New York attorney Stone Barrington beds still another unsuitable partner and suffers the consequences—well, almost suffers.
Considering what catnip Stone (Fast and Loose, 2017, etc.) is to the ladies, he doesn’t always choose his conquests as wisely as he might, and when gossipy reporter Gloria Parsons, of the beguilingly named Just Folks, presses him for an interview about his relationship to Holly Barker, the new secretary of state and one of his long-term lovers, he can’t resist her 6-foot frame and other assets. Soon they’re making sweet music together, but remarkably soon after that, an admiringly smarmy description of him in her story sours it all, and Stone cuts her off. Gloria, not one to take rejection lying down, plots to reopen the murder case of Arrington Calder Barrington, the long-ago lover whose death left Stone filthy rich, so that she can smear Stone in the pages of Just Folks. When Stone finds an unexpectedly simple way to neutralize that threat, Gloria raises the stakes further, and so does Stone. As New York Gov. Benton Blake, the replacement lover Gloria seduced into commuting the sentence of her friend Danny Blaine when Stone declined to exercise his own influence on Danny’s behalf, gets ready to announce his candidacy for the U.S. Senate, Stone manages to wreck his plans as well, and without even leaving his fingerprints on the wreckage. It’s only a matter of time before Gloria’s resentment boils over to inspire the ultimate threat of revenge, and it’s the least convincing one of all.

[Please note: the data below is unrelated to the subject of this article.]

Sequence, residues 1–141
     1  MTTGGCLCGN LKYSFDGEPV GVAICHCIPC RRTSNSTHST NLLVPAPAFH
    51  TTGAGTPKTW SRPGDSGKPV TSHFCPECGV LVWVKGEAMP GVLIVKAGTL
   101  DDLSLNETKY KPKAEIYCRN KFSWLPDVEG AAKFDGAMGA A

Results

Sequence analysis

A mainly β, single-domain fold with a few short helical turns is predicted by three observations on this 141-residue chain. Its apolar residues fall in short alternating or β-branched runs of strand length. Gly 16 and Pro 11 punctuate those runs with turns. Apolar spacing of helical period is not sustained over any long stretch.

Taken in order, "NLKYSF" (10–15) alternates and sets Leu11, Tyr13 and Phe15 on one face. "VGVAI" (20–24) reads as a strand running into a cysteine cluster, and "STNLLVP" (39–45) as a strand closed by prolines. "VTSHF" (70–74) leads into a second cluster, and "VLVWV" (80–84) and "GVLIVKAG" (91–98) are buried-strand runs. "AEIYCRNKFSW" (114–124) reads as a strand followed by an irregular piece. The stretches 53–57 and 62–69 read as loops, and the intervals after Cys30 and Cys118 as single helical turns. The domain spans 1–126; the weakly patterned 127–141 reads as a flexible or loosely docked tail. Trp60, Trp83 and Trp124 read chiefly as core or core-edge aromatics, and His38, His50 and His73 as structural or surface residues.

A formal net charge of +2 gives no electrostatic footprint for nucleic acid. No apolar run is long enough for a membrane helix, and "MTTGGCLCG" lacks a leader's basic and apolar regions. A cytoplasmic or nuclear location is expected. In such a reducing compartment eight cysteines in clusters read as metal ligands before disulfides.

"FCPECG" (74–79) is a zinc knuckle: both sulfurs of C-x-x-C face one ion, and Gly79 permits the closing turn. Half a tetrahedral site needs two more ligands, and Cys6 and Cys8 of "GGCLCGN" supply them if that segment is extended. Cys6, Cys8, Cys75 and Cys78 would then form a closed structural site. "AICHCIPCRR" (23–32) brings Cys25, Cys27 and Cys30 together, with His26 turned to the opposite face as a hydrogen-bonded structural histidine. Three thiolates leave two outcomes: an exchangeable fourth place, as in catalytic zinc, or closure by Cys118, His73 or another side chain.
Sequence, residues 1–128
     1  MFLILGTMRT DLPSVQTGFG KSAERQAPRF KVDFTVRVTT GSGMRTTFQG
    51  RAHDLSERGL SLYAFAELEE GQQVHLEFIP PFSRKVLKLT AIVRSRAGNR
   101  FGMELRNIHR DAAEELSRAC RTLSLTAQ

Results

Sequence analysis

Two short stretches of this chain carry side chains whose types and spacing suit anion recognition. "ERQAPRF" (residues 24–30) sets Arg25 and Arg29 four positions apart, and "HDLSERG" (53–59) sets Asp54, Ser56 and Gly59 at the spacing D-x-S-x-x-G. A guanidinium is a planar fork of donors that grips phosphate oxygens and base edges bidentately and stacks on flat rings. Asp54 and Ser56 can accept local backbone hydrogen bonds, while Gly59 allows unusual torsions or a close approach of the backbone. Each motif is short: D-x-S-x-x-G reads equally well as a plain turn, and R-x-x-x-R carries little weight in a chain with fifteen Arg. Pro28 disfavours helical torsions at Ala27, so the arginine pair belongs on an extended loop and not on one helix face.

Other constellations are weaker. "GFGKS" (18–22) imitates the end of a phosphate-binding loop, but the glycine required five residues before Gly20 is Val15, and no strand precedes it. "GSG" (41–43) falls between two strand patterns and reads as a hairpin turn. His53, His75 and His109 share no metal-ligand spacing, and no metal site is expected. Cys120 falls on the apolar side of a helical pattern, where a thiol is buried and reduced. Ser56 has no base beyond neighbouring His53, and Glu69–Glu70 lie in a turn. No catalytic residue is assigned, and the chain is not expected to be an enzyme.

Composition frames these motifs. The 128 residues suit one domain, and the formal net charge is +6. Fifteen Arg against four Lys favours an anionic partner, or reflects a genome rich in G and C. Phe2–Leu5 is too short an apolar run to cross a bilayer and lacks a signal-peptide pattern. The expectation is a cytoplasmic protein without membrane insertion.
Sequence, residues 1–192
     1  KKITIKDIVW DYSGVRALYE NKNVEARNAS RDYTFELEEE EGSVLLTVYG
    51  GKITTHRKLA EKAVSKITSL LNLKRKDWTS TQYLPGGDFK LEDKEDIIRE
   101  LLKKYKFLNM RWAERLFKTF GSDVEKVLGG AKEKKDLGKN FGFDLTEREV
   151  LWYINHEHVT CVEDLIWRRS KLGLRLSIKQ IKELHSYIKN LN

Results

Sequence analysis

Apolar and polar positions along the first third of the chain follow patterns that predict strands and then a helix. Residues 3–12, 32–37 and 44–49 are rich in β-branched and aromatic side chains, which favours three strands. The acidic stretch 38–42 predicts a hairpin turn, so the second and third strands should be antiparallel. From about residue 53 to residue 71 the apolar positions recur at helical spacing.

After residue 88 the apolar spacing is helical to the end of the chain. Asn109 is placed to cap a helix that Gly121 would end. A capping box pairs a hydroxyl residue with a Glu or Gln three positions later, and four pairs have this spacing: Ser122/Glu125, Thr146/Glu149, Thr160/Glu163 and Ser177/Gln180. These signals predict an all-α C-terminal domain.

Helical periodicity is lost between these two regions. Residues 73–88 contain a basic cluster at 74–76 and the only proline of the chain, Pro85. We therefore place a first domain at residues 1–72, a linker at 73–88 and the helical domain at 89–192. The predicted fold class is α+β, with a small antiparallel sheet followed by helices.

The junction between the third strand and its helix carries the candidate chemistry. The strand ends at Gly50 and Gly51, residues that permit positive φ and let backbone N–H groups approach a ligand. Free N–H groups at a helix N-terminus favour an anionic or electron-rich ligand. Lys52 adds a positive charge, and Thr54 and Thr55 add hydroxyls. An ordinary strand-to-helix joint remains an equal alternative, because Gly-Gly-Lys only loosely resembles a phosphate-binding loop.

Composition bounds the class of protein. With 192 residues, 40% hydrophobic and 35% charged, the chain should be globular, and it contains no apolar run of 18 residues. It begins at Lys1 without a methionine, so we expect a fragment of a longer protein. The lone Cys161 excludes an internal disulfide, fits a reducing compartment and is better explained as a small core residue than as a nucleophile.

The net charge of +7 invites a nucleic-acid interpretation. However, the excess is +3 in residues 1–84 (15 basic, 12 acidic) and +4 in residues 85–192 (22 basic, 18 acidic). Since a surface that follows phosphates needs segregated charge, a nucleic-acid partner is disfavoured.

Woods, who’s never been shy about recycling material from his hero’s earlier adventures, here reprises the plot of Carnal Curiosity (2014) and manages to resurrect some much older matter as well. The fade-out, however, promises new developments that follow a predictably inflated curve.